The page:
Kids are excellent observers, noticers and rememberers (Anyone who has said something regrettable in front of a child knows what I am talking about). In the last post in the series, we shared some of the ways we try to acknowledge difference in an open and celebratory way. This is important, but it’s not enough. Consider this; If we stop here- acknowledging that people are different and difference is great, but don’t also acknowledge the well-documented fact that is visible to children (whether we like it or not) that the way the world works currently is unfair to people with Black and brown skin, our children are faced with a mental dilemma. Either, the world as it is (racist), is as it should be, or the world is wrong and something must be done to fix it. How children make sense of this depends in large part on how we- parents, teachers, caregivers acknowledge injustice and empower our children to make change.
It can be intimidating to talk about the darkest parts of our country’s past and present. Fear often holds us back; we worry we will say the wrong thing and inadvertently implant racism in the mind of the child. We know that, like so much about nurturing children, “doing it well” is hard. However, like peek-a-boo, covering our eyes does not actually make the thing go away. Young children are aware of, and demonstrate, racism as early as their toddler years (like to other blog/research). Avoidance of ugly topics enables the ugly thing to persist. Fear of the discomfort of talking about white supremacy supports its perpetuation. Parents, teachers, caregivers – We do scary and hard things every day because we know they are important. We want to protect our children, but concealing an on-going threat is not protection. Moreover, our choice not to talk about our country’s racist history erases the efforts of amazing people like Ella Baker, Jo Ann Robinson and the countless students and youth who have fought for change – and whose examples can inspire children as changemakers in their here-and-now. Of course, with young children you should proceed thoughtfully and carefully, but you must proceed.
There is a wealth of resources online with great, general tips about discussing racism with children. But if you’re like me, you may be asking, What does this look like, sound like, and feel like? That’s why we are sharing a few stories of learning from our Wonder School classroom. These are meant to be examples not exemplars – and not a “to do list.” We are delighted to elevate the voices of these thoughtful children, and we are also happy to share some places where we struggled, and some of our “oops moments.” Learning and growth require struggle.
Some of this you will be able to use wholecloth (and if so, please do! Let us know what you learn!) and some will need to be modified to fit your kids, your context. Names have been changed to protect children’s and families’ privacy, and each story is greatly condensed (We removed, for example, the many times our discussions got derailed by emergency potty breaks), but otherwise this is a collection of direct quotes* and honest reflection.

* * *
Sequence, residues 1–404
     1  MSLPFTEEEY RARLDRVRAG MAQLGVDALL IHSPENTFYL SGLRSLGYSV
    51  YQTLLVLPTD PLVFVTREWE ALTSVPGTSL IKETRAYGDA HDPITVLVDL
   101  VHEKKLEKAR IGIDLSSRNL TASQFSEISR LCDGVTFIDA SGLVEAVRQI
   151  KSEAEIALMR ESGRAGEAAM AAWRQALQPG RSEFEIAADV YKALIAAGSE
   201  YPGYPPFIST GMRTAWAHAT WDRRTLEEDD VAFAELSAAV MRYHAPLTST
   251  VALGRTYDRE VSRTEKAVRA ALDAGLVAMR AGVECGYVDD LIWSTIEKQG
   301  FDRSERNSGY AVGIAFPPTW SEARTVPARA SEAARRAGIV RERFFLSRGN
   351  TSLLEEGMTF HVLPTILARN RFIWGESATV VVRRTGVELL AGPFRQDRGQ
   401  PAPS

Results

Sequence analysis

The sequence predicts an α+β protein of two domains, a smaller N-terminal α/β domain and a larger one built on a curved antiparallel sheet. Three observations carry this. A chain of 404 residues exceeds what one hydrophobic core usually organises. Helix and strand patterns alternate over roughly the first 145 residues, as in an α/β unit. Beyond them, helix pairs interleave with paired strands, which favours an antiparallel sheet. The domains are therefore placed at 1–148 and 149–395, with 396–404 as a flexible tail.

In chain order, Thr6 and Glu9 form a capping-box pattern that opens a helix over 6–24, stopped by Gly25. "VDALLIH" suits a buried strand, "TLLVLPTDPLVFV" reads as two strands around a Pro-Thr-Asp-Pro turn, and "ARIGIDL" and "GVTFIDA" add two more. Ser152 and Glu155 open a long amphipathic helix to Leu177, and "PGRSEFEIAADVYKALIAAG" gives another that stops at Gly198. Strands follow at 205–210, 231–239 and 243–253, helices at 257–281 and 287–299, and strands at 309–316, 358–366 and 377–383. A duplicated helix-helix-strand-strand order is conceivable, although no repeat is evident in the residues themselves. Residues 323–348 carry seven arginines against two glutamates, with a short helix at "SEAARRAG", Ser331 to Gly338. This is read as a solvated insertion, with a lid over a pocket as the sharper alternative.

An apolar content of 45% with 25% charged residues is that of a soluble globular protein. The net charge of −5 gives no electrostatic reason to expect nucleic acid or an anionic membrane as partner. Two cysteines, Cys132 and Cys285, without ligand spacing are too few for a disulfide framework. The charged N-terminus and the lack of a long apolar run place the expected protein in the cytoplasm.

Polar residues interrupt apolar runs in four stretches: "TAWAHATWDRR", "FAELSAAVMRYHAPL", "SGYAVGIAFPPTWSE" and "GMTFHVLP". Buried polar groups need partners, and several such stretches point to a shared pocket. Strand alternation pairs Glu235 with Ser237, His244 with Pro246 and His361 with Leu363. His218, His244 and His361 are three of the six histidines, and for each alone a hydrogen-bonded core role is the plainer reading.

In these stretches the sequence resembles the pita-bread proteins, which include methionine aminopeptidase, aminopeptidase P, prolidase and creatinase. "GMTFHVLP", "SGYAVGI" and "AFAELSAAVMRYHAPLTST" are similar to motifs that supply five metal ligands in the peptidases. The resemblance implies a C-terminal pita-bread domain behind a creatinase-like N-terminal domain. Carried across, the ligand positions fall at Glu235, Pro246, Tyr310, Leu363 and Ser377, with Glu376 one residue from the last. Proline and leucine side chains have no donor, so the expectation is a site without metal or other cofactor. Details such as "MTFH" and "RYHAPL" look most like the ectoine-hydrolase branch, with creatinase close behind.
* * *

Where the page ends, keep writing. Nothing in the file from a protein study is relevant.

This first story follows an investigation of Native American representation- specifically, how some of the stereotypes we held at the beginning of the year came to be replaced with real knowledge gained through picturebooks, photos and conversation. Not only was this one of the first, planned, in-depth anti-racist/anti-bias projects we undertook as a classroom, it ended up being incredibly personal journey of identity for one family in particular.
“I Don’t Want to be a Native American, I Want to be Normal”: Stereotype, Representation & Identity.
This post is part of an ongoing series of blog posts unpacking each of our main strategies behind anti-racist teaching with young children. In each we will share resources, including documentation from the classroom, picture books, artwork from the collection and links to resources that have been invaluable in our own efforts.
Introduction: Talking to children about racism
- Strategy 1: Self-reflection and self-education
- Strategy 2: Explicitly naming race and talking about difference in a joyful way
- Strategy 3: Talking in a developmentally appropriate way about injustices- both from the past and present.
- Strategy 4: Being intentional in choosing picture books that both feature Black, Indiginous, People of Color characters AND that are by BIPOC authors/artists.
- Strategy 5: Supporting and fostering imagination, as a powerful tool for radical social change.
** In case you’re curious- audio/video recording, transcription and note taking are a part of our daily practice as a Reggio-inspired classroom. For more information about what this could look like, see our Making Creativity Site.
– Caitlyn Lynch is CMA Lead Teaching Artist & Coordinator for Young Child Programming including Wonder School, an arts-rich laboratory preschool launched in 2018 in collaboration with Columbus State Community College, Columbus Museum of Art, and The Childhood League Center. Wonder School fosters purposeful play, critical inquiry, and a collaborative community approach to education—for children, for their educators, for a more creative and compassionate society.